Latino advocacy group issues Florida travel warning over new immigration law

(CNN) — One of the most prominent Latino advocacy groups in the United States is urging people to avoid traveling to Florida in light of new immigration laws that take effect in July.

Ahead of Republican Gov. Ron DeSantis’ long-awaited presidential bid announcement, he signed legislation last week requiring employers with more than 25 employees to verify their immigration status through a federal database called E-Verify. Employers who do not comply with the law will be fined US$1,000 per day until they can prove their workers have the necessary documents.

Additionally, the law invalidates out-of-state identification cards such as driver’s licenses issued to undocumented immigrants and prevents Florida-based agencies from issuing new cards. This will prevent illegal immigrants from driving in the state. People who transport undocumented immigrants living in the United States face hefty fines and possible jail time.

The immigration bill is one of several controversial bills DeSantis has signed recently as he prepares to face former President Donald Trump and others in the 2024 Republican presidential primary.

Domingo Garcia, president of the Latino advocacy group United Latin American Citizens (LULAC), called the new immigration law “hostile and dangerous.”

“As a result, for the second time in LULAC’s history, we are issuing a travel advisory for anyone traveling to Florida,” Garcia said at a news conference Wednesday. LULAC was founded 94 years ago as a civil rights organization dedicated to promoting opportunities for Hispanic Americans.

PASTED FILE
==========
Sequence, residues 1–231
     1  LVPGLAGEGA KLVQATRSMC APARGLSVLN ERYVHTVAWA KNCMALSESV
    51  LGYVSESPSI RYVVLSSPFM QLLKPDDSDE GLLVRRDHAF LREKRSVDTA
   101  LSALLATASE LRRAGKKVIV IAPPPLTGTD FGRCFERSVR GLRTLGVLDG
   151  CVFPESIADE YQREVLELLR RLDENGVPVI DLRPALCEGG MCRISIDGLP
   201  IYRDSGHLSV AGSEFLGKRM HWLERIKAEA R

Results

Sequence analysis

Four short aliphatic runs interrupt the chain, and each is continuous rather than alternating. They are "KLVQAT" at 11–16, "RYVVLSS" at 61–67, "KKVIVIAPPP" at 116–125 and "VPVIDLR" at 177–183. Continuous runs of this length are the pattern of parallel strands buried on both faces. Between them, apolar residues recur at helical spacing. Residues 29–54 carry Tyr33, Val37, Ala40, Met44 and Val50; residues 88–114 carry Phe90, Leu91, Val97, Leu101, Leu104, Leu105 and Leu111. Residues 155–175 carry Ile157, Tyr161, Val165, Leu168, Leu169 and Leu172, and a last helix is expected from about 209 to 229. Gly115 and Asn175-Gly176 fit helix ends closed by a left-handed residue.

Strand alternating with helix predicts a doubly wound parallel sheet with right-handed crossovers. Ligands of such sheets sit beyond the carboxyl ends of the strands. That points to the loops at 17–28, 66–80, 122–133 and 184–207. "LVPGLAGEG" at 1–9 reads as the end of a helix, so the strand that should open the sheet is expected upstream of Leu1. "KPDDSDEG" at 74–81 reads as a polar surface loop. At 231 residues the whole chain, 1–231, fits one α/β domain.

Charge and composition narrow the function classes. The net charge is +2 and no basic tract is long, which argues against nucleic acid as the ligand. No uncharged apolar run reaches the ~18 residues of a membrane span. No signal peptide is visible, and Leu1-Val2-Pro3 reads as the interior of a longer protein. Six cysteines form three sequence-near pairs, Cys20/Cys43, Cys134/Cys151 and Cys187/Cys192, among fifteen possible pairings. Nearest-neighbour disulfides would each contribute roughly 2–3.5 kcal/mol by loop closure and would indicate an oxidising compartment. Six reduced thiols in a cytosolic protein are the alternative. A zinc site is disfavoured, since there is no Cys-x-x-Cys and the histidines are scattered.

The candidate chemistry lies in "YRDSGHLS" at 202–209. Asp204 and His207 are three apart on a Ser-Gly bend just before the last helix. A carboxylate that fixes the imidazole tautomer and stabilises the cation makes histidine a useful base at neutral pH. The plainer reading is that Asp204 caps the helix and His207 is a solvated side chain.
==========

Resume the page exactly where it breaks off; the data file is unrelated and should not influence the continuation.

DeSantis said the legislation is important to “combat the federal government’s reckless policies and ensure Florida taxpayers are not footing the bill for illegal immigration,” according to a statement he signed into law earlier this month.

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Economic impact

Francisco Maldonado, a farmer who lives in Homestead, Florida, says he’s not personally concerned about the new law because he employs fewer than 25 people. But he worries that undocumented workers who stay in the state will be deported.

Farmers employing more than 25 workers are afraid. “They don’t know what they’re going to do, they’re going to lose part of the farm,” he told CNN.

Many neighboring farms have already lost workers in anticipation of the law, he said. So far none of his workers have fled.

“Laws like this, which do nothing but persecute immigrants, are bad for a state’s economy,” Lydia Guzman, president of LULAC’s immigration commission, said Wednesday.

Echoing those sentiments, Maldonado said “immigrant workers are the engine of Florida’s economy” and the new law “really hits the communities that drive this economy.”

Eden Hayes

"Wannabe gamer. Subtly charming beer buff. General pop culture trailblazer. Incurable thinker. Certified analyst."

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